Ultrasound inspections on 70 of the high-tech ICE-T trains will now last until February, not December as reported last week according to a story published Sunday in Bild am Sonntag. With a major portion of the high-speed train fleet consigned to the workshop until inspections are complete, travelers can expect crowded trains and reduced service until February, the paper reported.
The state-owned railway operator has been doing safety checks on the axles of all ICE-T axles since cracks in an axle led to a train derailment in Cologne in July. The T version of the high-speed trains is so named for its tilt technology.
“So long as we don't know the cause of the cracks, then we're going with safety as our top concern,” said Karl Friedrich Rausch, head of the Bahn's passenger travel division, told Bild.
Deutsche Bahn asked manufacturers Siemens and Bombardier to provide reliable guarantees for axles on October 24th. But the companies failed to meet this request, forcing Bahn to test the train's axles instead. The axle manufacturers initially suggested safety checks every 480,000 kilometres, but Bahn is now doing ultrasound checks on the axles every 30,000 kilometres - approximately every three weeks.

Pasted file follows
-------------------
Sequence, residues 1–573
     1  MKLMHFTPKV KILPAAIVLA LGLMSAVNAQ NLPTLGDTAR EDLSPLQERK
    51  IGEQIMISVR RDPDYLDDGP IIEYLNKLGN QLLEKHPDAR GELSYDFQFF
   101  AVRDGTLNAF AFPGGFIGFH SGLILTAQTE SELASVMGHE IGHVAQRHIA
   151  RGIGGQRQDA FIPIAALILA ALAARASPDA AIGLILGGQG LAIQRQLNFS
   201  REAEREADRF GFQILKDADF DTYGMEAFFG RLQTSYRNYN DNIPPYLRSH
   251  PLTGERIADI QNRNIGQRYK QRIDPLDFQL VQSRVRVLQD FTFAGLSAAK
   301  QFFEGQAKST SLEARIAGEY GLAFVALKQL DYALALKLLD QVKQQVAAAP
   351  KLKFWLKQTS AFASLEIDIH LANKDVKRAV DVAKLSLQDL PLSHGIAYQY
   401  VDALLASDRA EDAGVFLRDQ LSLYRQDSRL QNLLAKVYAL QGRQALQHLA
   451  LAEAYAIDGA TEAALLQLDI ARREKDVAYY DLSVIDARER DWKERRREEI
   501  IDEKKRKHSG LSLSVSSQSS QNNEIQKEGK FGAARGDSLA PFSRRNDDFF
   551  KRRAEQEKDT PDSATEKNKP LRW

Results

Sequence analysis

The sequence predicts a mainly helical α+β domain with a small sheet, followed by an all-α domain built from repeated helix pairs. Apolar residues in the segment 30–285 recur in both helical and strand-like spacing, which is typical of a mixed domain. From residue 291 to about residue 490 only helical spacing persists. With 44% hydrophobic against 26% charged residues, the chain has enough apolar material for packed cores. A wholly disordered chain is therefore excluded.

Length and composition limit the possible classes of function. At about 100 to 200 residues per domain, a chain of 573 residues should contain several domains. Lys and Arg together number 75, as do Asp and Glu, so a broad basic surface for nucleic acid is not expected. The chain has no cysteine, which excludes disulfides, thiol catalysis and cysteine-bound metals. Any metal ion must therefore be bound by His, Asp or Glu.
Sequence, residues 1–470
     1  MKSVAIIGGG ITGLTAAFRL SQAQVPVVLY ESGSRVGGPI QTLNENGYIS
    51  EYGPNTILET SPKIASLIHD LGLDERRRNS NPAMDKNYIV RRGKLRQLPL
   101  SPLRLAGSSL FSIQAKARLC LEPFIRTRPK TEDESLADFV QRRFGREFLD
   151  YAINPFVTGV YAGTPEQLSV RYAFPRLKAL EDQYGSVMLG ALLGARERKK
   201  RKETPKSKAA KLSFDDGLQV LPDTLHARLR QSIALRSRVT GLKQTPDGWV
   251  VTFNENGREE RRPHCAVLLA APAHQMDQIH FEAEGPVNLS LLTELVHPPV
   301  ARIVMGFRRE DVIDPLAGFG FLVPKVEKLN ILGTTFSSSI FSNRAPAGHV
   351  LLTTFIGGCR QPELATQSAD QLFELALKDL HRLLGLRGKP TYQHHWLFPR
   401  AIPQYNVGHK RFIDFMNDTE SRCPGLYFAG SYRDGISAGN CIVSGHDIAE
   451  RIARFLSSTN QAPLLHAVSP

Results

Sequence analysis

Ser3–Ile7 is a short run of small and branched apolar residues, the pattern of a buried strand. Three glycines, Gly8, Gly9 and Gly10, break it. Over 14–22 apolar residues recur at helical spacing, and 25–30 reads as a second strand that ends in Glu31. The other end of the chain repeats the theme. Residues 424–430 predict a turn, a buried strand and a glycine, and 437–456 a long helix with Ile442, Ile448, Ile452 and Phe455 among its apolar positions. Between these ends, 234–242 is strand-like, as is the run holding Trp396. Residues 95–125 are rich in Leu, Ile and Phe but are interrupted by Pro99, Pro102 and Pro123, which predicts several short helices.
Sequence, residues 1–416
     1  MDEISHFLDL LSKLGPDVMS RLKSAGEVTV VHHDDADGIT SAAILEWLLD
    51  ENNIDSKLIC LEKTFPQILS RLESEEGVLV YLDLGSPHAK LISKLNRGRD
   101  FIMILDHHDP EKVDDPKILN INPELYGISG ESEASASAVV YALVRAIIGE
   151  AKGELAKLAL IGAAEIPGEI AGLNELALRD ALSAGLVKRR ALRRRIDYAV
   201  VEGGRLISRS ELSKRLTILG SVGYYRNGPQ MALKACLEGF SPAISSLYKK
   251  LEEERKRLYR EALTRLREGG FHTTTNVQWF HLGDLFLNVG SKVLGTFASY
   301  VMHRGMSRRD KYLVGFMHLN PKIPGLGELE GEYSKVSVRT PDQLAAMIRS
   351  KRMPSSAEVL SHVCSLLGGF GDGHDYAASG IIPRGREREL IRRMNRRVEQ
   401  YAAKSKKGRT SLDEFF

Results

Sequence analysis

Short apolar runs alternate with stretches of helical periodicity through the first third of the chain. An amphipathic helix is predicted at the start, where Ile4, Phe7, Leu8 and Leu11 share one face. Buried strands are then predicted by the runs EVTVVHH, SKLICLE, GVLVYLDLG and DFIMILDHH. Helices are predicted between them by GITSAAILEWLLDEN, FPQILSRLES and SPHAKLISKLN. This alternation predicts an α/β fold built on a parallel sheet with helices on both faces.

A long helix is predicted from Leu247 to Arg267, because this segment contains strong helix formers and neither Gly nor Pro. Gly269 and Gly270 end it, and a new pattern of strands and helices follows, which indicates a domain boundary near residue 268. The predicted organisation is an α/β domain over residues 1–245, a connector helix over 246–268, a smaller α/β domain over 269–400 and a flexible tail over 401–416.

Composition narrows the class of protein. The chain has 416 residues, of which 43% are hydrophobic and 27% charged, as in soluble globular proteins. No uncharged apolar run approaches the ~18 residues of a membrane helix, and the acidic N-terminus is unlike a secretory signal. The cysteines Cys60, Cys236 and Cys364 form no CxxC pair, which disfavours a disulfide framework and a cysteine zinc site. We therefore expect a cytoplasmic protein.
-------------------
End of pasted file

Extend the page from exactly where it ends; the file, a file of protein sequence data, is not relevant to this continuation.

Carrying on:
Rausch did not rule out demanding damages from Siemens and Bombardier.
The measures have hit train lines connecting several large cities including Berlin, Hamburg, Munich, Frankfurt and Stuttgart, creating delays and crowded conditions.
The safety problems come as Deutsche Bahn comes under harsh criticism by politicians for approving generous bonuses to the company's board ahead of a now-delayed stock market flotation. The company has also been criticized for hiking passenger fares.